Young Mason Steele takes pride in turning his father's excited ramblings about the latest civil rights incidents into handwritten business letters. One day Pa comes home with a gift from his civil rights group: a typewriter. Thrilled with the present, Mason spends all his spare time teaching himself to type. Soon he knows where every letter on the keyboard is located. When the civil rights group wins a school desegregation case, Mason learns that now he will be attending a formerly all-white high school. Despite his fears and injustice from the students and faculty, Mason perseveres. He does well in school—especially in his typing class. And when he competes in the county typing tournament, Mason decides to take a stand, using his skills to triumph over prejudice and break racial barriers.Winner of Lee & Low’s New Voices Award, As Fast As Words Could Fly is an inspiring testament to the power of hard work, determination, and belief in yourself to overcome life’s challenges.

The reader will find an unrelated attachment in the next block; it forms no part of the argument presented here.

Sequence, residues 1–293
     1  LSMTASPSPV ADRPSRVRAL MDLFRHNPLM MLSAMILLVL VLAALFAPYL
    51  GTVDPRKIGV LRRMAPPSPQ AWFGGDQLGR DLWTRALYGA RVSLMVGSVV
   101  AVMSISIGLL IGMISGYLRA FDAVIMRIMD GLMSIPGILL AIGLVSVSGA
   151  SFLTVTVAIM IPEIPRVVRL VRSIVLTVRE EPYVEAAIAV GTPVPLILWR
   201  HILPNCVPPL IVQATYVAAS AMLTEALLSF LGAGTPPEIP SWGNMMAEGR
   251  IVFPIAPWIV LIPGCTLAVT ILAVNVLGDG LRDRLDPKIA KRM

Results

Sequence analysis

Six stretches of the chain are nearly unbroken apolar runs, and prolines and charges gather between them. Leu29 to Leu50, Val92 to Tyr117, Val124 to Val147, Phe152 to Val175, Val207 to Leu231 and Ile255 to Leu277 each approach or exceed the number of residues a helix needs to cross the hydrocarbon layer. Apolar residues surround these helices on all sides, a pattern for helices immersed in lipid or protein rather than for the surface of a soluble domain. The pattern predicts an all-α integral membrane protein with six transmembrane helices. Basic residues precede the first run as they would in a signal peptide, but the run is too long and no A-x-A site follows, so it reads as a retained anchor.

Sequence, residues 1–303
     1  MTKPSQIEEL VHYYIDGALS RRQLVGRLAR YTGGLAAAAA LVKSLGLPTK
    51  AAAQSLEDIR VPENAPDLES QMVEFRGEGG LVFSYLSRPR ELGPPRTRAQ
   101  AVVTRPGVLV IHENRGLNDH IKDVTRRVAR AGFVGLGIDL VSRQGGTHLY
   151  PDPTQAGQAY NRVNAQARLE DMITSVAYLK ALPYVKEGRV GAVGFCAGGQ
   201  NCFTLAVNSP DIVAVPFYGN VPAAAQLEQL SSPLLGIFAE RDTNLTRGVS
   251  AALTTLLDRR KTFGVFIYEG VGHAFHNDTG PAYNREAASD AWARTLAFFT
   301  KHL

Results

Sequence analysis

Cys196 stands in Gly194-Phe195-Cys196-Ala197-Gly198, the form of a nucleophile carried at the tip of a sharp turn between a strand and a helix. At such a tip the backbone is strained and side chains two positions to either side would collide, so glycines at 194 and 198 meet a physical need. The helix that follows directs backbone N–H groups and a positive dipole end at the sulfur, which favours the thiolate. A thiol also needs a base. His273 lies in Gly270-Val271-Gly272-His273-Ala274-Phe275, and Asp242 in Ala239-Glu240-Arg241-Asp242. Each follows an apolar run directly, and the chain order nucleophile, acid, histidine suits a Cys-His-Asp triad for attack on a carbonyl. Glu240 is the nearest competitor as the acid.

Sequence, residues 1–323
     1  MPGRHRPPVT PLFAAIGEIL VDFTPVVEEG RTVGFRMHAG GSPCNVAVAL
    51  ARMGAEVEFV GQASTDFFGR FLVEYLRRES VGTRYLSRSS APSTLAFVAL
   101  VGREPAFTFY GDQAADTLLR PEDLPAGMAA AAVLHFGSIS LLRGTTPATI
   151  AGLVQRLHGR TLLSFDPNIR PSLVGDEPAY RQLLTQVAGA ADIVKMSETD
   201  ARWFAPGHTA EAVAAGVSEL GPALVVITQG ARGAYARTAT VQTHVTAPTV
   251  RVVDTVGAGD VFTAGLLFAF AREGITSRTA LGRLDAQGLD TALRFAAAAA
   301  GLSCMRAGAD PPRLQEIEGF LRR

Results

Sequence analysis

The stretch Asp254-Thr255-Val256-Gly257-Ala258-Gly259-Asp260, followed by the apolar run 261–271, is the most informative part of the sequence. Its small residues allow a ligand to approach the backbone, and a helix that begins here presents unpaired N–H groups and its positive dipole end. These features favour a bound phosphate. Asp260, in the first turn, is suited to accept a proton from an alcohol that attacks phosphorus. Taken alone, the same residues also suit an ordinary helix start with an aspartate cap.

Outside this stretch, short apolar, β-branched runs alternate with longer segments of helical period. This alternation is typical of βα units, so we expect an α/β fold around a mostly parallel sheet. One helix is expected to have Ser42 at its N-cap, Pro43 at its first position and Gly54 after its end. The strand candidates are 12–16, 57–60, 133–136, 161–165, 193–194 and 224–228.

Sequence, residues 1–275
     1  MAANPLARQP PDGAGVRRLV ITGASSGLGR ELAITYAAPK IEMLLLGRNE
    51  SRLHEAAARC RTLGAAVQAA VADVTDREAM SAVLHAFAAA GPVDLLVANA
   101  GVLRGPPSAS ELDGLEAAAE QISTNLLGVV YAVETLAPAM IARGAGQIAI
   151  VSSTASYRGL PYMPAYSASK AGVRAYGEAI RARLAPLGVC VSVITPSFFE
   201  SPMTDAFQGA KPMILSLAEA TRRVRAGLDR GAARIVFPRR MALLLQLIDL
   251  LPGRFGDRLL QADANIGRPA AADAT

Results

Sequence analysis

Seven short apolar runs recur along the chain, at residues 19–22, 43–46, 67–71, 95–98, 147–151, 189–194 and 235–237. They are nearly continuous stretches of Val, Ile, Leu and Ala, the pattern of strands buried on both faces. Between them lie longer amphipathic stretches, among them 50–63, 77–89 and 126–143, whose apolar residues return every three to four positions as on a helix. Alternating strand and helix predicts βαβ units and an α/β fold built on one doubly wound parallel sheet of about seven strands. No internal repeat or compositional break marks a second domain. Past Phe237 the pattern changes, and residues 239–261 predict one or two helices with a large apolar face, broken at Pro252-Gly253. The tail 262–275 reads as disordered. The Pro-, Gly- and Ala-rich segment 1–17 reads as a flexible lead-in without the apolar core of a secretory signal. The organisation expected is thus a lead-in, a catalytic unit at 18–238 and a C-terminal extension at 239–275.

About Pamela M. TuckSee more books from this Author
Tuckâs story, based on her fatherâs personal experiences with school segregation in 1960s North Carolina, won Lee & Lowâs New Voices award in 2007, resulting in this picture book, illustrated in dramaFeb 18 2013 | Read Full Review of As Fast As Words Could Fly
Gr 2–5—Velasquez's vibrant paintings animate this earnest story based on actual incidents in the life of the author's father. Fourteen-year-old Mason transcribes letters for his father, a local civil rights activist; as a reward, he receives a manual typewriter. Then he and his older brothers lea...Jun 01 2013 | Read Full Review of As Fast As Words Could Fly
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